I’ve always suffered from some form of commitment deficit disorder (CDD). Even as a kid, I wanted to exchange my mother with a classmate’s because his mom never forced him to drink milk. I never gave the same answer twice to the question, “What do you want to be when you grow up?”
By the time I was 15 or 16, which was when people stopped asking me, I think I must have used up all the professions that had been invented. But it was in school that my CDD bloomed and got hard-wired into my personality.
I’ve probably slept in more schools than Tiger Woods has slept with women. And whatever time I spent in any given school saw me shuttling between different sections.
I remember this school I went to in Chennai when I was in class four: I began in class 4A, was then shifted to 4B after three days, moved to 4D after three months, spent most of the term in 4C, before returning to 4A for my last few weeks in that school. It was not a big school and so had only four sections.
I hear some schools have sections starting from A and going all the way to U, V or W. But I never got to study in one of those. It would have been so much more fun — walking into a new class every week.
My dad won’t like to hear this but I believe my commitmentphobia, or ‘the inability to form lasting relationships’, as my first shrink put it, stems from his transferable job. He worked for a company that specialised in producing transfer letters for employees. So every time it I looked like I was making friends and settling down in a new place, say, Delhi, he would come home with a transfer order for Kolkata or Chennai or Pune or wherever. I would then have to break off with my old buddies and/or romances and start from scratch all over again.
This kept happening from the time I was a baby all the way till I got my first job in a small newspaper in Chennai. A job I quit on my second day, naturally. I remember how, when I asked for an experience certificate stating I had worked in the paper for one day, the editor rudely asked me to ‘buzz off’. So I was thrilled when I heard six months later that his paper had shut down and he was looking for a job himself.
I couldn’t break out of the cycle though. I kept changing cities, changing jobs, breaking old relationships, forming new ones. As you can imagine, this caused me a lot of trouble — especially with a section of the human race famous for its commitmentphilia.
But this aspect of my CDD got automatically cured when I ran into my future wife. She is one smart cookie, my wife. She realised right away that time-tested lines like ‘where is this relationship going’ or the more drastic ‘mein tumhare bachche ki maa banne wali hoon’ won’t work with me.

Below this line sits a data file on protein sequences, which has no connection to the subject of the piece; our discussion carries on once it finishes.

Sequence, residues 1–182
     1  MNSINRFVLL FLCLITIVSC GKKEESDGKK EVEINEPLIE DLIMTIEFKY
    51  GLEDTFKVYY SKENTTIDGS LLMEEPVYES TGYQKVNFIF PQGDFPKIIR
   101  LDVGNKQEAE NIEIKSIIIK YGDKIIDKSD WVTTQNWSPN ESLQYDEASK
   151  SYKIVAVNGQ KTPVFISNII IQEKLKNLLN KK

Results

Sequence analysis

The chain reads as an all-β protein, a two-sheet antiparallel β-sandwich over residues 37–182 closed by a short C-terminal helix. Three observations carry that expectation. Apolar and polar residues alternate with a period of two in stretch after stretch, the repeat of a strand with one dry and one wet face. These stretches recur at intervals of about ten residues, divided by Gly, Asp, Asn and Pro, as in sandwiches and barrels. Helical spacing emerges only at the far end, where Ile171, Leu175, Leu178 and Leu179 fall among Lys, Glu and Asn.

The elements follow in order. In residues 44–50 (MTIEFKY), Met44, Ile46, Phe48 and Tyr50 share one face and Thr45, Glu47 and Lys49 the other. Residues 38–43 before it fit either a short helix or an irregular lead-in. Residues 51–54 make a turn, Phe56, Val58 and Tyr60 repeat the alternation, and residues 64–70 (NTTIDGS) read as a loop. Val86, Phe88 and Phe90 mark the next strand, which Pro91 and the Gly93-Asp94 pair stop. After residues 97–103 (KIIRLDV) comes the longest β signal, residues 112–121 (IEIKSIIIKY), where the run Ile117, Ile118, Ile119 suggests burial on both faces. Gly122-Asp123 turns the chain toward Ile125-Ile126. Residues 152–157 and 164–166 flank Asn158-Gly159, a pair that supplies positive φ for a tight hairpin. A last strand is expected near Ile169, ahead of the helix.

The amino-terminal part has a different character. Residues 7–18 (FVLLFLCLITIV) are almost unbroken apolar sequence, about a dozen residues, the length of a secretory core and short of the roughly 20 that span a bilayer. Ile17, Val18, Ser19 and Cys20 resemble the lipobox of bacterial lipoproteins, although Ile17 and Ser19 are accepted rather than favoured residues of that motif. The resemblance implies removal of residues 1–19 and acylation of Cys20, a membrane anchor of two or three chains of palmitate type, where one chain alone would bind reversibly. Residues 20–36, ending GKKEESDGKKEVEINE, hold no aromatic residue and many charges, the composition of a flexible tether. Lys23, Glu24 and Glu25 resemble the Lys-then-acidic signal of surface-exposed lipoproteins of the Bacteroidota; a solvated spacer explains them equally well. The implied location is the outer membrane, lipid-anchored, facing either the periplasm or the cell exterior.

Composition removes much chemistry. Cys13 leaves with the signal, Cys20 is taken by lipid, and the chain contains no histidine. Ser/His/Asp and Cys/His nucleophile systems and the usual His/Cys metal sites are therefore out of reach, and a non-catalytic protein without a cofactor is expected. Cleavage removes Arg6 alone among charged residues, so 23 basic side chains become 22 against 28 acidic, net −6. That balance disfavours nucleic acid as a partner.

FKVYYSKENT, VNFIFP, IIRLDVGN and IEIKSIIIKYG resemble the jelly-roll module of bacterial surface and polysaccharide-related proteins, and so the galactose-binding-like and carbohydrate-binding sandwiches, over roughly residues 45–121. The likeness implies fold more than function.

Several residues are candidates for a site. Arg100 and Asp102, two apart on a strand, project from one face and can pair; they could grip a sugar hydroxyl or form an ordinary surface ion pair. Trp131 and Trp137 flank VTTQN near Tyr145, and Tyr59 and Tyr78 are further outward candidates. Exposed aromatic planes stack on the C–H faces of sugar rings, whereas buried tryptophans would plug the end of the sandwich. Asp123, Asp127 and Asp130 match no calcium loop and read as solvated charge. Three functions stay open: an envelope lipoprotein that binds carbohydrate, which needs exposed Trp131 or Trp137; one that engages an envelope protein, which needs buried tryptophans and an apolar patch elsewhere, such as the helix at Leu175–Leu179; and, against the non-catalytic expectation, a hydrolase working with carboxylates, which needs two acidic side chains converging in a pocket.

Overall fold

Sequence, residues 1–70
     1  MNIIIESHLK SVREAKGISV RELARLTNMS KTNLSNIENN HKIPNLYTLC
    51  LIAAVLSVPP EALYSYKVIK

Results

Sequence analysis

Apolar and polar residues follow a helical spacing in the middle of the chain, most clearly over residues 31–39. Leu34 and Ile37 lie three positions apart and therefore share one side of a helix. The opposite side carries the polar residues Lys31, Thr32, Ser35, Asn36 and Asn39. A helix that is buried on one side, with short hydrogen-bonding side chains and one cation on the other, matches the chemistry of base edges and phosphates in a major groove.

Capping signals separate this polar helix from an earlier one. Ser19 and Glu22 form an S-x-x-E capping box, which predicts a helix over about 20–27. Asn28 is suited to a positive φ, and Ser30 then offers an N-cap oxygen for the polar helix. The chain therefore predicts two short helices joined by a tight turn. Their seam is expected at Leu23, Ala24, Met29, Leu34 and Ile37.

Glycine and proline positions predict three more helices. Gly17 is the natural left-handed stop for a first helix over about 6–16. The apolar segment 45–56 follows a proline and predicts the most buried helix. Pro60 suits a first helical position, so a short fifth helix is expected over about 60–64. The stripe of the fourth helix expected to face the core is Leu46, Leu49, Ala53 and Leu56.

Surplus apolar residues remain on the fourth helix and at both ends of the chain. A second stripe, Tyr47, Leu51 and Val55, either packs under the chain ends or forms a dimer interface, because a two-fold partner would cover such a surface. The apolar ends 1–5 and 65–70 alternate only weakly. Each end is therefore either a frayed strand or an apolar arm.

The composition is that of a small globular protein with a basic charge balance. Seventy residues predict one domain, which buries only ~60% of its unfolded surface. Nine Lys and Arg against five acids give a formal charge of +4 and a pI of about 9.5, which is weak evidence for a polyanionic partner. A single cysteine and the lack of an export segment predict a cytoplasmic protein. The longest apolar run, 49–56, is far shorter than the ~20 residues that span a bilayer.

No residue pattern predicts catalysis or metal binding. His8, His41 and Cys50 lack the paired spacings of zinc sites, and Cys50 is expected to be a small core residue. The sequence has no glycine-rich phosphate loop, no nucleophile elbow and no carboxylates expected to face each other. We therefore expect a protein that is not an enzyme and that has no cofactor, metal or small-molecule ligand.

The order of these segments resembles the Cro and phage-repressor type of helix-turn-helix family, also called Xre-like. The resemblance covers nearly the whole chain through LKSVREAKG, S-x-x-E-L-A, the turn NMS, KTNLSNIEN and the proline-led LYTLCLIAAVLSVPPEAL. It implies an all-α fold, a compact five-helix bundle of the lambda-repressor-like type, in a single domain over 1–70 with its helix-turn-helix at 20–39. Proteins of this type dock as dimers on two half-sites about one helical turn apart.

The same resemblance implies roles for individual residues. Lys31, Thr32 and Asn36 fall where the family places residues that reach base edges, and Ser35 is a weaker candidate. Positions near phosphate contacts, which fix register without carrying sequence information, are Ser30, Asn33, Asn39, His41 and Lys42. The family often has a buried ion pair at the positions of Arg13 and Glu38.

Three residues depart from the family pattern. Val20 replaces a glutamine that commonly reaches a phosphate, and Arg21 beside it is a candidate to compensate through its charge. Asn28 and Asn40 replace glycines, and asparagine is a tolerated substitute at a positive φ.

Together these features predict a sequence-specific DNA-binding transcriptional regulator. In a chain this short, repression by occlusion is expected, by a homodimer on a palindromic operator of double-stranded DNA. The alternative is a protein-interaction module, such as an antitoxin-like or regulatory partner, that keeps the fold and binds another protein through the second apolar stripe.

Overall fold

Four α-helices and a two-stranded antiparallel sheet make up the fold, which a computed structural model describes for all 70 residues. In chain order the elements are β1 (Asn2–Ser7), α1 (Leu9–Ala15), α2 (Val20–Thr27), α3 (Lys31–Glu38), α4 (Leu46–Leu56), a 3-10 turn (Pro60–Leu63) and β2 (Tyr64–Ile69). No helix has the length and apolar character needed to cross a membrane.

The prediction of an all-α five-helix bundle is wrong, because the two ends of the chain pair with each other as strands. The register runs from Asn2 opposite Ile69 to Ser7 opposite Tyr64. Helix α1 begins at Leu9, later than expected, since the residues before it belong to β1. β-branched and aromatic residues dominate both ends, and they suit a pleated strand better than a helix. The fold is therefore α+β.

So she bypassed the usual crocodile tears and pseudo-break-ups and married me in a sort of a sting operation. “Just come over to the building near Asiatic Library tomorrow, will ya?” she said to me one day. Once there, she kept me distracted by obsessing about how other people were breaking the queue. Before I knew it, I was standing before a clerk who spoke to me rapidly in Marathi.
“What is he saying?” I asked her.
“He’s asking if you’re a fan of Shakira,” said my not-yet-wife.
“Oh yes,” I nodded at the man. “I love her.”
“Okay,” he replied in English. “Come and collect the marriage certificate after a month.” And that was that.
Apart from this singular exception, my commitment has steadily dwindled in every other sphere of life. And that includes even this column. To be able to write a column — you need commitment — to the subject of the column. But my CDD makes it impossible for me to remain committed to a single idea long enough for me to finish a column on it.
The longest I can remain committed to any given column idea is 15 minutes. On the 16th minute, my right brain tells my left brain: ‘We’ll take a short break now. But don’t go anywhere. I’ll give you fresh ideas on how to add sex and violence to your column — magar break ke baad! Stick around!’ But my left brain, as always, responds to such messages by changing the channel.
Even now, for example, fifteen minutes are over and I am no longer thinking about CCD but about the CWG. I am thinking how deeply I have fallen in love with Suresh Kalmadi. For some reason, his face hovers in front of my third eye constantly.
That manly beard, those honest yes, the oily skin — the way he has worked so hard to make the Commonwealth Games a success, and yet received so little appreciation for his heroic efforts. Thanks to him, with so many star athletes pulling out, India is set to reap its biggest medal haul ever in an international sporting meet other than the Indo-Nepal Games. Now, isn’t that what you call commitment?